MicroChips Save Lives

microchip your dog
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Both of my dogs are microchipped, I’d have it no other way.  Working in animal shelters as long as I have I can attest to the benefit of dogs that are registered and microchipped.  A microchip can mean the difference between a dog that is reunited with it’s family or one that may be destroyed in a busy animal shelter.

Please visit your vet and get your dog microchipped today.

Those lost pet posters: They’re unfortunately an all-too-common sight in many neighborhoods. People have offered any amount of money in desperate attempts to find lost cats, dogs, and more. But there’s a better way to keep tabs on pets: microchipping.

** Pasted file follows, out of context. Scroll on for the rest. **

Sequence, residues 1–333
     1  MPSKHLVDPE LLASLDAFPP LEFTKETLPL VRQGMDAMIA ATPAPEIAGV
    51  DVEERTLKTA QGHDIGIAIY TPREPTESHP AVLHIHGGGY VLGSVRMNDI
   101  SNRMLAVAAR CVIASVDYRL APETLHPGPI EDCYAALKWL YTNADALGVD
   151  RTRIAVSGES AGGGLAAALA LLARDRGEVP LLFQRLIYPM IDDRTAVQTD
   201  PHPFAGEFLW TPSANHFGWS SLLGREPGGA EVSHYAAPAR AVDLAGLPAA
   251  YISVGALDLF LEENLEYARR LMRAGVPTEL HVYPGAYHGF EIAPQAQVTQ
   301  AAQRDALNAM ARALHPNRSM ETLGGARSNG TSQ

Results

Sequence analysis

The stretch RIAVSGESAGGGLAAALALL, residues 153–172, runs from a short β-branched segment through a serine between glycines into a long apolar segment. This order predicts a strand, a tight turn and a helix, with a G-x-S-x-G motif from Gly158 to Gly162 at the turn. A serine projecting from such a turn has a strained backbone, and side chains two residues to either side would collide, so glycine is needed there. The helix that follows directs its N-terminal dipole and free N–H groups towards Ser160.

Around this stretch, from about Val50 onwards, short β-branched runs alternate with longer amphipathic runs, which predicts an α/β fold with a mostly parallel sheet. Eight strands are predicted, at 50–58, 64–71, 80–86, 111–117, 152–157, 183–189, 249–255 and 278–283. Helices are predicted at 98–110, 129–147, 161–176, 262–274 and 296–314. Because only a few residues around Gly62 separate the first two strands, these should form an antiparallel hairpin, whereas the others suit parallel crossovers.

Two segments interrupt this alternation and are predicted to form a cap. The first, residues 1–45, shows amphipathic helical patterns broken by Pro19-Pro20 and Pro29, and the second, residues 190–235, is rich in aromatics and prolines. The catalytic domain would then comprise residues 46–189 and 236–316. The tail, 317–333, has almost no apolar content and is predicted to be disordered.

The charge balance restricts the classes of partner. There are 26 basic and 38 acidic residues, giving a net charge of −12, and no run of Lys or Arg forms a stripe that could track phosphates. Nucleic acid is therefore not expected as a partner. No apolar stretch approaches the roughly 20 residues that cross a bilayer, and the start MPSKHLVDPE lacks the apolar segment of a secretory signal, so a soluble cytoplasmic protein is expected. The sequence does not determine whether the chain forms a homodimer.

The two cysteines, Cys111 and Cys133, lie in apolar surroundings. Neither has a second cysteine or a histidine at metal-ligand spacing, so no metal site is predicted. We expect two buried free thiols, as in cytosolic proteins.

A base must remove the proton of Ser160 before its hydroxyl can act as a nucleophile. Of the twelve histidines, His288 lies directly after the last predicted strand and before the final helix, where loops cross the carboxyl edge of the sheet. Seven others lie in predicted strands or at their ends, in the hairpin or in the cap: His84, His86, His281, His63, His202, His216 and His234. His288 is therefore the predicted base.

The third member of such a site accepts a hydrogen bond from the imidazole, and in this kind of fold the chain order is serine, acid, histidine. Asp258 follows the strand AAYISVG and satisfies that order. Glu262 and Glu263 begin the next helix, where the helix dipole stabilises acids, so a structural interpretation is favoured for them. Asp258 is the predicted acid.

See: online dog training

A microchip is a minuscule radio frequency identification tab—just millimeters in length—that’s inserted under a pet’s skin. In this painless procedure, a vet implants the device, linking it to a number that’s unique to the pet. That number, in turn, is part of a database that’s linked to individual pet owner’s information. With a quick yearly scan, vets can make sure that the microchip still works. And, should your pet become lost, any vet can scan for a chip and help reunite them with an owner.

Even with a microchip, your pet should still wear a tag with identification information and rabies number, too. But to learn more about the importance of microchipping, use this graphic.


How Microchips Work

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